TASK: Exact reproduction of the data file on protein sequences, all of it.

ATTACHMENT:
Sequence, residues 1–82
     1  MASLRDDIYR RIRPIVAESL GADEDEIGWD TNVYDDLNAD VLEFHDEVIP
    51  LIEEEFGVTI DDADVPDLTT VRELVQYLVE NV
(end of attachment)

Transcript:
Sequence, residues 1–82
     1  MASLRDDIYR RIRPIVAESL GADEDEIGWD TNVYDDLNAD VLEFHDEVIP
    51  LIEEEFGVTI DDADVPDLTT VRELVQYLVE NV